As beautiful as they get, or even more so. It is hard to express the beauty of the event that the CMS collaboration published today. CMS, which stands for "compact muon solenoid", is one of the two main detectors operating at the CERN Large Hadron Collider (the other is ATLAS). The duo is seeking evidence for the Higgs boson, the only elementary particle predicted by the Standard Model that still awaits to be discovered.

CMS is a multi-purpose detector, with very strong tracking and electromagnetic calorimetry in addition to the excellent muon system which gives the M in the acronym. All of the features of the detector have been designed and built with a thought at not leaving Higgs bosons go unnoticed: for instance, electromagnetic calorimetry is performed with a very expensive material, lead tungstate, in order to have a very high resolution to the decay to two photons of a light Higgs boson, a signature on which the LHC experiments might need to rely if the Higgs boson is too light to decay to WW or ZZ pairs.

The Higgs boson, particularly if it is heavier than about 180 GeV, may in fact decay yielding two Z bosons, and Z bosons are seen with negligible backgrounds when in turn they decay to pairs of high-momentum muons, producing four stiff tracks that punch through the whole calorimeter system and leave lined-up signals in the outer muon chambers. The signature of a heavy Higgs might therefore be that of four energetic muons. This was indeed one of the primary aims of the designers of CMS: having the highest acceptance, lowest background, cleanest signature of such events.

Of course, Z pairs can be created not only in the decay of a Higgs boson, but also by more prosaic electroweak processes. So if one sees such events this does not provide any clue that the Higgs decay produced them. Only by accumulating many of them, and reconstructing the total invariant mass of the four-muon system, seeing that besides the expected background some events yield always the same value of reconstructed mass, can one claim that Higgs decay is a plausible interpretation. And even then, the rate of production must agree with theoretical calculations, otherwise one must leave open other explanations.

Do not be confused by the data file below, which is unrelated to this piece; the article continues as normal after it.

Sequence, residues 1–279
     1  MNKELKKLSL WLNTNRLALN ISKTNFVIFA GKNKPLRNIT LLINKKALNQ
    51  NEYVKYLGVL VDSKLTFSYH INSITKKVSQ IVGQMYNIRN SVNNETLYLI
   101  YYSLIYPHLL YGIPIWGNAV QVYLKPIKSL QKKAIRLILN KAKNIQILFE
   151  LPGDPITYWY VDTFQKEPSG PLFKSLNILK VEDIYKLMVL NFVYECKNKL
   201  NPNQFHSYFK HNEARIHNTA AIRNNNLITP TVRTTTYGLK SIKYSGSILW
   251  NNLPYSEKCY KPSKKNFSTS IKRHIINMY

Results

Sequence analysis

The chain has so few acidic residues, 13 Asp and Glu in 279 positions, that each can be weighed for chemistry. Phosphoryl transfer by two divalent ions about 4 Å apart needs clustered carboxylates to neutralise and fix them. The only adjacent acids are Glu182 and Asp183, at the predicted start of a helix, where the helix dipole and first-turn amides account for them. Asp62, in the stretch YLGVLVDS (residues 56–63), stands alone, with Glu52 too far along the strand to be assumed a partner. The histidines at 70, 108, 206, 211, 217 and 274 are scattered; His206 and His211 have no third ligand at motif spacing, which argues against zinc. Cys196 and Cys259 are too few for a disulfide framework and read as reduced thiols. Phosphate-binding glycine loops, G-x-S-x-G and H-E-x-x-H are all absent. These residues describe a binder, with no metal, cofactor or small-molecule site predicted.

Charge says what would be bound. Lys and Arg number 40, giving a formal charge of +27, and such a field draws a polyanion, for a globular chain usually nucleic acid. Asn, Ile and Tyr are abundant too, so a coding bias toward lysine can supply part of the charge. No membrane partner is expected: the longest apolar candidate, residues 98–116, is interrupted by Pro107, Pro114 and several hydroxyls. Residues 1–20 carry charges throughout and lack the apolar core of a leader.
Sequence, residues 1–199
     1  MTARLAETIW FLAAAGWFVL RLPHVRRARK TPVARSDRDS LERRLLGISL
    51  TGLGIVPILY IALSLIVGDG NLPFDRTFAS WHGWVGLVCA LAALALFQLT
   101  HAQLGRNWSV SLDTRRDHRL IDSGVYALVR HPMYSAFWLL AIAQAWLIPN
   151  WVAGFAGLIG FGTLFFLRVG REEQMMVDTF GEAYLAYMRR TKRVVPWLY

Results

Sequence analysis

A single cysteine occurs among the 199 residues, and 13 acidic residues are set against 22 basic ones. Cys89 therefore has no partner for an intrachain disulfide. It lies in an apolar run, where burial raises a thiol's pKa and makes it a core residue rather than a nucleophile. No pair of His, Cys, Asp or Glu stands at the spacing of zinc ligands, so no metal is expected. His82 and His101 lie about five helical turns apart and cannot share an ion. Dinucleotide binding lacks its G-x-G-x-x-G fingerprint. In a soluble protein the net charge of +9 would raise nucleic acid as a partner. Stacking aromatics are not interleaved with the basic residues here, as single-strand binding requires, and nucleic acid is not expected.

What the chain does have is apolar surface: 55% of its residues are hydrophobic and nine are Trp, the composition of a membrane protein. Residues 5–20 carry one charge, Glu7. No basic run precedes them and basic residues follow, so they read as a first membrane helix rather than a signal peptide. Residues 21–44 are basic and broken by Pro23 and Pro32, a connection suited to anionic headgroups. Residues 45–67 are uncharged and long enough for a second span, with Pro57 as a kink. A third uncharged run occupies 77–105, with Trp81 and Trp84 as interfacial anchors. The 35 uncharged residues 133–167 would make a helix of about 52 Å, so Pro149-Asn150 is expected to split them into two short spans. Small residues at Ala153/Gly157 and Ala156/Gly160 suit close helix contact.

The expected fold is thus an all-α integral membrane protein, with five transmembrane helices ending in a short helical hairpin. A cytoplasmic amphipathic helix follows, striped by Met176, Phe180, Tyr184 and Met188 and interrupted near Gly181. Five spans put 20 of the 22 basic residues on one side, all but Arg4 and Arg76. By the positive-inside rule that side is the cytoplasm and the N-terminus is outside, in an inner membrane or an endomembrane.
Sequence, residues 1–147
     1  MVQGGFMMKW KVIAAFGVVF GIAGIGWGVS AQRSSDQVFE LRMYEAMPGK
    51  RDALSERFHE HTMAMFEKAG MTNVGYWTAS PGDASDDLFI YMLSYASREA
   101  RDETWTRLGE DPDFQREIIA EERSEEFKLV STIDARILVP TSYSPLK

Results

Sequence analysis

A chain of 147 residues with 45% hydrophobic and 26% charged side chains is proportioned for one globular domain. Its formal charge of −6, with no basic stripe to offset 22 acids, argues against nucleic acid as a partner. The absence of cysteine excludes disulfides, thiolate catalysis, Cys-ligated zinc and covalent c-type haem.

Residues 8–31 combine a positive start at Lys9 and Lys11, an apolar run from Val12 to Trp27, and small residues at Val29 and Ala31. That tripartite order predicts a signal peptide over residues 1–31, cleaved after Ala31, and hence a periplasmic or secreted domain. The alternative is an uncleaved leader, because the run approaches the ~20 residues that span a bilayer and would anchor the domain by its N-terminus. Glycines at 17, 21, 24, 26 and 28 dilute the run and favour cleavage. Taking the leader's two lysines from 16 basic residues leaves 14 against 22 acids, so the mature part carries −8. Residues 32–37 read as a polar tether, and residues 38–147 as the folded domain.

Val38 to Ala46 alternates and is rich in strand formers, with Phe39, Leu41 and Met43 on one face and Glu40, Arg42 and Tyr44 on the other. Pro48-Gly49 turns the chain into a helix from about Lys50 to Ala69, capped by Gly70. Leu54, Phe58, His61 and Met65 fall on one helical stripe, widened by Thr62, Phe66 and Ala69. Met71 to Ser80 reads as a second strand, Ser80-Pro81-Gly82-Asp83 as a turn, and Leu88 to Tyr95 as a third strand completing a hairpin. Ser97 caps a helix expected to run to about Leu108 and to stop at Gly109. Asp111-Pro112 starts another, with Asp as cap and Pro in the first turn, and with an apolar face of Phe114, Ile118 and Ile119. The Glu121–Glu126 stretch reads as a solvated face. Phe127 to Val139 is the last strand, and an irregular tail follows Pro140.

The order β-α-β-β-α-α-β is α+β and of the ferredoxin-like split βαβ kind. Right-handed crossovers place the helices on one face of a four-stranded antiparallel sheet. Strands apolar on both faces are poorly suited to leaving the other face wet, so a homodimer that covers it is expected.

So, CMS has seen the first ZZ event in the four-muon decay channel. It is a spectacular event, as you can clearly see with your own eyes: apart from the four muons very little extra particles are produced.

First let us have a look at a transverse view, obtained by "cutting" the detector orthogonally from the beam direction: this is what a proton arriving in the following bunch would see of the four-muon collision.

You can observe that the four muon tracks are almost straight lines - a signal that they have indeed high momentum and were therefore bent very little by the strong 4-Tesla magnetic field inside the solenoid. Let us look at a side view now: this shows how the muons moved forwards or backwards (the beam line is a horizontal line at the center).

In the figure above only tracks above 1 GeV of Pt have been plotted. This is a normal procedure for LHC collisions in CMS, where the event could otherwise be so crowded to make viewing it harder. This event, instead, is so clean it looks like an exclusive ZZ production!

And below, let us see a three-dimensional view, which shows of the muon system only the parts which recorded a signal. Here, all tracks are displayed (not only the ones with Pt>1 GeV):

Finally let me give some kinematic information about the event. The total invariant mass of the four muons is 201 GeV, a value well compatible with the standard model hypothesis of ZZ production. Further, one of the pairings of positive-negative muons yields the two dimuon masses of 92.15 and 92.24 GeV, in excellent agreement with the known value of the Z boson mass, within the experimental resolution. The event contains no hadronic jets, the missing transverse energy is only 5 GeV, and it is overall very clean.

CMS has computed the probability to observe one ZZ decay into electrons or muons in the data analyzed so far (20 inverse picobarns): this is of the order of 16%, and thus there is nothing strange in seeing such a spectacular event in the data. Still, it is extremely pleasing to watch with our own eyes the materialization of a twenty-year-long dream: four-muon events ! If winter comes, can spring be far behind ?  (Courtesy P.B. Shelley)